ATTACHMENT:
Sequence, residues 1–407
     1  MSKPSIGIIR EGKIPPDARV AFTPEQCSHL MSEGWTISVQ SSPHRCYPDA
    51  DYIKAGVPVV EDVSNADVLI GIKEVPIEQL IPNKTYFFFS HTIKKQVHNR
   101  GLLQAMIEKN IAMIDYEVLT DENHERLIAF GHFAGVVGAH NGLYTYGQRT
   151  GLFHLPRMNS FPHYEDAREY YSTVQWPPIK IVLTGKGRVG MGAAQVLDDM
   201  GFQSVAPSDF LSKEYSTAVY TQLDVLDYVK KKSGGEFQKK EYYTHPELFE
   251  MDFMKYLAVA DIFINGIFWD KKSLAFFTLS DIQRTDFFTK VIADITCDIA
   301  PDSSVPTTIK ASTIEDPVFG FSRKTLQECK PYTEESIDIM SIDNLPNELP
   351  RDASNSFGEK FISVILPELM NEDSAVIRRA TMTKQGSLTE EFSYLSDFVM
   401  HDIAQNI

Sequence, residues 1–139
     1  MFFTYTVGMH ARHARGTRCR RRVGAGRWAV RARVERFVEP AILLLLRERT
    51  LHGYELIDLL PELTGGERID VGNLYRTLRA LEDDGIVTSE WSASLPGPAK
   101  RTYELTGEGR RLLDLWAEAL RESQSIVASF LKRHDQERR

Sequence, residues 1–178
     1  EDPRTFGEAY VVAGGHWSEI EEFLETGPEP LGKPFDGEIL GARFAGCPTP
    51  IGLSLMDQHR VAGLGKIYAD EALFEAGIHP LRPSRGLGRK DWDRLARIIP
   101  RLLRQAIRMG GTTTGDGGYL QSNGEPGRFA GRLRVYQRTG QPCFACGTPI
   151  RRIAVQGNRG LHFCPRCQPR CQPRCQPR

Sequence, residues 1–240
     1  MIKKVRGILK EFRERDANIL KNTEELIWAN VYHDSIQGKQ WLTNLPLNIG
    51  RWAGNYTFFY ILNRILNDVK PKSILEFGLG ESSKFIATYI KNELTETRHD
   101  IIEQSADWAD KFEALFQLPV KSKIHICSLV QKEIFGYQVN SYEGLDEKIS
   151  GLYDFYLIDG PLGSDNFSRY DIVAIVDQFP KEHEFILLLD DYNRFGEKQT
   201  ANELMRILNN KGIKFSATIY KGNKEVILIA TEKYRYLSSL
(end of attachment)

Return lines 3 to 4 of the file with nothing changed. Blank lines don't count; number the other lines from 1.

    51  DYIKAGVPVV EDVSNADVLI GIKEVPIEQL IPNKTYFFFS HTIKKQVHNR
   101  GLLQAMIEKN IAMIDYEVLT DENHERLIAF GHFAGVVGAH NGLYTYGQRT